Mid-Atlantic
Photo By Andria Allmond | Kristin Mazur, Norfolk District project manager, explains beach-quality sand during an interview regarding the Virginia Beach Hurricane and Storm Damage Reduction Project at the Virginia Beach oceanfront, Virginia, Aug. 2, 2019.

Virginia Beach project temporarily halted: Work to resume on oceanfront’s North End after sea-turtle migration

Reinforcing nearly 75% of the oceanfront in roughly two months, the Virginia Beach Hurricane and Storm Damage Reduction Project has come to a halt.

In late June, the city of Virginia Beach and Norfolk District, U.S. Army Corps of Engineers began the placement of approximately 1.4 million cubic yards of sand – a periodic construction that has prevented more than $450 million in coastal-infrastructure damage according to project management.

The Norfolk District engineering operation was established to create a better place to work and live for the local beach community – including marine life.

WILL BRAKE FOR TURTLES

Due to a district-imposed time-of-year restriction during peak sea-turtle migration season, sand-borrow operations halted Sunday and may resume in mid-November.

Multiple measures have been taken to protect turtles during the project.

National Marine Fisheries Service-approved endangered-species observers are aboard the dredge 24/7 to serve as lookout and inspect dredge loads. The observers may launch a work-stop order upon spotting specific species. Also, the dredge itself is subject to speed restrictions.

On the shore, U.S. Fish and Wildlife Service-approved endangered species observers patrol beach placement areas throughout the night in search a sea turtles or their nests. If found, sand placement discontinues.

“Nest disturbances are strictly prohibited and punishable by law,” said Shannon Reinheimer, Norfolk District environmental scientist. “If a sea turtle or a nest is found within the project area, sand placement is stopped until coordination with U.S. Fish and Wildlife Service determines the safest path for that nest.

“U.S. Fish and Wildlife Service makes the call whether to relocate the nest or leave the nest and avoid the area. Sand is never allowed to be placed on top of or around a known sea-turtle nest.”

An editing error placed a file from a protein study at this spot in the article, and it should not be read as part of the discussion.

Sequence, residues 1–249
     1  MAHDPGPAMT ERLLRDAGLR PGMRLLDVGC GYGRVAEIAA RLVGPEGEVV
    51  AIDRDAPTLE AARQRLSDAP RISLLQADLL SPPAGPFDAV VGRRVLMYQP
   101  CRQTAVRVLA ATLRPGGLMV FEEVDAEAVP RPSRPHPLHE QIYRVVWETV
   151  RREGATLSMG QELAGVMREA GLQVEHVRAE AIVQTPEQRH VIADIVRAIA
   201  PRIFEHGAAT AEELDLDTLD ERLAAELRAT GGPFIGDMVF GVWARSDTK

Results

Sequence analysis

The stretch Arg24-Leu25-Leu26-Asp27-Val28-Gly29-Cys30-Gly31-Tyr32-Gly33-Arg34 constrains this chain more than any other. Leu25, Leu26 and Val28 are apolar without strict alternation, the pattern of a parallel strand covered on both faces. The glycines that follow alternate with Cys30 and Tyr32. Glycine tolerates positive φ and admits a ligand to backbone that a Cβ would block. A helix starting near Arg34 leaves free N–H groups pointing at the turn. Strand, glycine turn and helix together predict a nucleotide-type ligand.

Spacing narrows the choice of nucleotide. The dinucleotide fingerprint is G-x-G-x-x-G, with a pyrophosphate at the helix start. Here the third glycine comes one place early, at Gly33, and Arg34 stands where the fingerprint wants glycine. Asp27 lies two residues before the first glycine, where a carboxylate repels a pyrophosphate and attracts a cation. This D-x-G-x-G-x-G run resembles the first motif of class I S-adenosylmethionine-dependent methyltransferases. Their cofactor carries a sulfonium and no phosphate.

While the coastal-community benefits are significant, officials say, some residents may witness the drudgery required to maintain a safe shoreline.

NORTH END TO PREP FOR PIPES, PUMPING

Dredging and sand-placement crews may remobilize near 49th Street after the restriction period ends. Having completed the construction area’s southern half, the shoreline north of approximately 50th Street is the final push.

Heavy machinery, slurry pumping, shoreline pipe. Residents and tourists in the North End can expect the same backdrop seen by those in the completed areas.

“What we need to keep in mind is that this project is critical if we want to live in a coastal area,” said Kristin Mazur, district project manager. “Yes, there are going to be degrees of impact on residents during this project: areas of the beach will be closed off during active work; there will be a pipe that remains on the shoreline throughout the project; crews will continue to work around-the-clock, and reaching the shore may require using access ramps over the pipe.”

Norfolk District will continue to inform the public on progress and updates using its social media platforms, she added.

‘OUR GOAL HAS BEEN UNWAVERING FROM THE START’

While the project’s contract extends to Feb. 23, it’s hopeful all construction will be concluded by year’s end, according to James Campbell, district contracting officer representative.

“We, of course, want the project to run as smoothly as possible and finish by the end of the year,” Campbell said. “But, we need to be realists here and recognize there are factors outside our control that may affect the rate of completion.”

Bad weather conditions, equipment malfunction and dredge availability are all items that could push work into the New Year.

In either case, the project’s end result is the same.

“Our goal has been unwavering from the start — we’ll do what needs to be done to reduce hurricane and storm damage to the infrastructure of the oceanfront,” Mazur said. “We didn’t have an option in the timing of the project; we won’t compromise the expertise of the contractor doing the work; but, we will continue to work with our partners to deliver this engineering solution to help safeguard the community.”

The project, slated to widen the beach from 15th to 70th streets, has been moving north and cordoning off about two blocks at a time. With only small portions of the beach inaccessible, the work may impact up to 20 streets at a time due to the shoreline pipe required for sand placement.